ComposerOfAvantGarde

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Re: Five favorite books you never finished?
« Reply #13 on: February 16, 2018, 06:16:18 PM »
I must have read Zauberberg 4 times, maybe 5. But I could not finish Doktor Faustus in two attempts.

I started reading Buddenbrooks after I finished Doktor Faustus and ended up putting it down, perhaps because it was so different to what I had just read I didn't quite know how to adjust (and I ended up reading Goethe's Faust instead). Zauberberg is something I really want to read. My girlfriend read it in the Bavarian alps a number of years ago and loved it. That is sure to be an incredible experience!

How would you compare Zauberberg and Doktor Faustus btw?

Offline aleazk

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Re: Five favorite books you never finished?
« Reply #14 on: February 16, 2018, 07:28:32 PM »
Gravitation by Misner, Thorne & Wheeler (AKA The Phonebook)



I've probably had a copy for 30 years.

Some of it is woefully out of date, but most of it is still solid, and in some ways still unsurpassed pedagogically.

I beg to differ on that. I really dislike it, particularly that "box" system it uses... which I think it's Thorne's addition. A certain quantum gravity researcher told me once in a class that he has it in his library just in case... but that, today, after decades, that case still never presented itself... lol.

Offline André

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Re: Five favorite books you never finished?
« Reply #15 on: February 16, 2018, 07:49:16 PM »
I started reading Buddenbrooks after I finished Doktor Faustus and ended up putting it down, perhaps because it was so different to what I had just read I didn't quite know how to adjust (and I ended up reading Goethe's Faust instead). Zauberberg is something I really want to read. My girlfriend read it in the Bavarian alps a number of years ago and loved it. That is sure to be an incredible experience!

How would you compare Zauberberg and Doktor Faustus btw?

Hard to tell, as I never completed reading Faustus. One conspicuous difference is the humour and the otherworldliness that pervade Zauberberg - until the abrupt, catastrophic ending. Two seemingly disparate elements held in perfect balance. Faustus seemed devoid of humour - something that is abundantly present in Buddenbrooks and Joseph, but absent also from Death in Venice or Tonio Kröger. I loved the latter, even its sentimental elements, but could never muster much enthusiasm for Death in Venice. When Mann is dead serious he becomes a boring storyteller.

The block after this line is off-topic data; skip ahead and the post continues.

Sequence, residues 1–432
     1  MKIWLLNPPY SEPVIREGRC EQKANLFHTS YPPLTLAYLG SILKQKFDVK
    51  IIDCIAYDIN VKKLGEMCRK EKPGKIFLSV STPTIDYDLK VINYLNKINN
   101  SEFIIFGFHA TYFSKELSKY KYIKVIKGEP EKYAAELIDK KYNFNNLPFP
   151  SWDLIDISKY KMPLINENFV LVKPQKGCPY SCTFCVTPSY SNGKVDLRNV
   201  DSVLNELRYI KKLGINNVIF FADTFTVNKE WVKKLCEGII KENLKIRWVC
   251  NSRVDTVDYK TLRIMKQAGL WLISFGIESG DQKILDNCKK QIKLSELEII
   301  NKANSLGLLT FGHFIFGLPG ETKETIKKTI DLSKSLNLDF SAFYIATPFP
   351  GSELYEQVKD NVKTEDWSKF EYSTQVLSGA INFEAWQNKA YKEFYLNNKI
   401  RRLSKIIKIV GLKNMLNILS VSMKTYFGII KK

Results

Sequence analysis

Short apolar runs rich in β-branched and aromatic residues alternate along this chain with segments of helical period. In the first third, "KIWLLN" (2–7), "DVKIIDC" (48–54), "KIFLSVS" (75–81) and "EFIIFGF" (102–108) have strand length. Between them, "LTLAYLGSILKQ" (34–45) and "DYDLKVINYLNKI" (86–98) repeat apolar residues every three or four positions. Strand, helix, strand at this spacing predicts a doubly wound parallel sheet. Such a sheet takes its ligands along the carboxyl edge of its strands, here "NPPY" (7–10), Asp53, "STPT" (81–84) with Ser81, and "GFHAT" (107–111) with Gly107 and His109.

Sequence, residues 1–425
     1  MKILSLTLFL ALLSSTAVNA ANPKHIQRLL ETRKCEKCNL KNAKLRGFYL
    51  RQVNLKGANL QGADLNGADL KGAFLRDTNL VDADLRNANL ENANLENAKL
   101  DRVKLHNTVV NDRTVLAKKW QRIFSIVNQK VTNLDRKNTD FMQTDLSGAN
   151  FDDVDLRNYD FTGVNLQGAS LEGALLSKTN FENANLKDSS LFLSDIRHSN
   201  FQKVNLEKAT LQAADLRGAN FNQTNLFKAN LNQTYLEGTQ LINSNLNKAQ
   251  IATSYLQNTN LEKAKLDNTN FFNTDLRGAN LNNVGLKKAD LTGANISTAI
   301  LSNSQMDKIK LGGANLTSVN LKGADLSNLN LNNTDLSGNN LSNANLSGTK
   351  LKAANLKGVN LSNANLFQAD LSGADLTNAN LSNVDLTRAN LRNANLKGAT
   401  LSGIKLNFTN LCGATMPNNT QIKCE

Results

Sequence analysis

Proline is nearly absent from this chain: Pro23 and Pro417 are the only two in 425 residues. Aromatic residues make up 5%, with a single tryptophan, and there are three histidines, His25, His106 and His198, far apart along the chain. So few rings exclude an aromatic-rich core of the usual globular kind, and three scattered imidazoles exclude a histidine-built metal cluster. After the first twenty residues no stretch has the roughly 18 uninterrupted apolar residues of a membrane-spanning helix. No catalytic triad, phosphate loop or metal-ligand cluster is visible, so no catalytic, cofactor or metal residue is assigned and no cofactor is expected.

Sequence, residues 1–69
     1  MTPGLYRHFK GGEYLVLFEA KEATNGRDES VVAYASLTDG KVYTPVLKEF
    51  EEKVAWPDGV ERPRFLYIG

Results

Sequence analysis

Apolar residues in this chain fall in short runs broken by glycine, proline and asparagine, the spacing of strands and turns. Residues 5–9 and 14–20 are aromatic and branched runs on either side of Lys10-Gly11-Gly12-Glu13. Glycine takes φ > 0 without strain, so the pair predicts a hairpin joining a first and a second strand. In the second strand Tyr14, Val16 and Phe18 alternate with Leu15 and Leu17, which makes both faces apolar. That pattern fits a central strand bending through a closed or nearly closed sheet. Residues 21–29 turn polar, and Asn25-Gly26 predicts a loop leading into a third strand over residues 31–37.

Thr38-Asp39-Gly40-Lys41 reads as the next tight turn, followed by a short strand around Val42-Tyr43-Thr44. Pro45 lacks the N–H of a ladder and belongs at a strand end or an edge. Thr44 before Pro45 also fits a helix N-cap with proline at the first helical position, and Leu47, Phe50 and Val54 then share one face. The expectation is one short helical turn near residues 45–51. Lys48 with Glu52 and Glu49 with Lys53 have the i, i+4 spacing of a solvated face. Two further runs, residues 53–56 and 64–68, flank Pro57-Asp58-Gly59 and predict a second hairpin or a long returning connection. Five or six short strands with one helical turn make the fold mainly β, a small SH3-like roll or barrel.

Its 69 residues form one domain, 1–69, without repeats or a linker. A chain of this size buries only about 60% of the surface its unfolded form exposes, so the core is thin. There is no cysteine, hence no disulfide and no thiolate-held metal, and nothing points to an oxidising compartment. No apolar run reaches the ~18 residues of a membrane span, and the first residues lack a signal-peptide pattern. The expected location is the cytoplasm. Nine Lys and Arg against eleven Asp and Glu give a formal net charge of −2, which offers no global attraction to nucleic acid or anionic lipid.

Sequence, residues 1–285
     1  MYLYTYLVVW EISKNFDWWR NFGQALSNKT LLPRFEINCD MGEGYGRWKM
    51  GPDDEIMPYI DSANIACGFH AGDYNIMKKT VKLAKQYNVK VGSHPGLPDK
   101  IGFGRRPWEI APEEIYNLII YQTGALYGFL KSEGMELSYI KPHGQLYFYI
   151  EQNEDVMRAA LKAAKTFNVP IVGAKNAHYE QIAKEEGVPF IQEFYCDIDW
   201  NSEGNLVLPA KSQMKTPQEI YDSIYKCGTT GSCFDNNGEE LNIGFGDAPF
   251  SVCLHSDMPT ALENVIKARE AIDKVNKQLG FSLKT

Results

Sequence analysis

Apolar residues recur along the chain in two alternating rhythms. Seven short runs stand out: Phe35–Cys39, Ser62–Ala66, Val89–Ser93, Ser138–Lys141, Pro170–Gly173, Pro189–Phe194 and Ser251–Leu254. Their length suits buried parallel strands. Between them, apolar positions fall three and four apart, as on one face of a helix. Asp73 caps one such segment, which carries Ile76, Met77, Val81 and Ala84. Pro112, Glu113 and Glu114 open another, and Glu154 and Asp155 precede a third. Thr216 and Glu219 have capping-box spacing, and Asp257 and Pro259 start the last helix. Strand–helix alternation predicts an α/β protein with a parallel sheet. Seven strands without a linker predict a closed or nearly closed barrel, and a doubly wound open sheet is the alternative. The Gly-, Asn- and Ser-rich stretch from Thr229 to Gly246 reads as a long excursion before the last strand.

Offline Alek Hidell

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Re: Five favorite books you never finished?
« Reply #16 on: February 16, 2018, 09:37:02 PM »
I suppose for me it's Gibbon's Decline and Fall. I acquired the unabridged version in a library sale some years ago and I started reading it once upon a time, but I got bogged down somewhere in volume one. All that eighteenth-century prose is a bit of a slog at times, I have to confess. :-[
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Offline zamyrabyrd

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Re: Five favorite books you never finished?
« Reply #17 on: February 16, 2018, 10:57:14 PM »
I finally had some freed up time this summer so actually finished:
Seven Pillars of Wisdom by TE Lawrence
Don Quixote by Cervantes

Last summer I wrapped up Moby Dick

One book I could not finish, and don't think I ever will unless on a deserted island with nothing else to read is the History of the Second World War by Liddell Hart. Apparently this is a much better account than Winston Churchill's that might be said to be somewhat prejudiced.

I never got around to finishing an Analysis of Tonal Music by Cadwallader and Gagne, because of the exercises to be done. There are also books on Debussy lying around that are still waiting to be read to the end.
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Offline Ken B

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Re: Five favorite books you never finished?
« Reply #18 on: February 16, 2018, 11:14:28 PM »
Gravitation by Misner, Thorne & Wheeler (AKA The Phonebook)



I've probably had a copy for 30 years.

Some of it is woefully out of date, but most of it is still solid, and in some ways still unsurpassed pedagogically.

That drove me crazy, as I am a mathematician by training, and I found the explanations of parallel transport etc hand wavy. Transport in what? Not in a surrounding Euclidean space like the pictures show! Finally I grabbed a real math text on the geometry, learned about fiber bundles, and went back to it.
Give a man a fire and he is warm for a day. Set a man on fire and he is warm for life.

Offline Jo498

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Re: Five favorite books you never finished?
« Reply #19 on: February 17, 2018, 01:22:06 AM »
It seems that mathematicians from Gauss to the early 20th century did successfully do differential geometry without "knowing" fiber bundles so they must have had a far higher tolerance for handwaving.
Struck by the sounds before the sun,
I knew the night had gone.
The morning breeze like a bugle blew
Against the drums of dawn.
(Bob Dylan)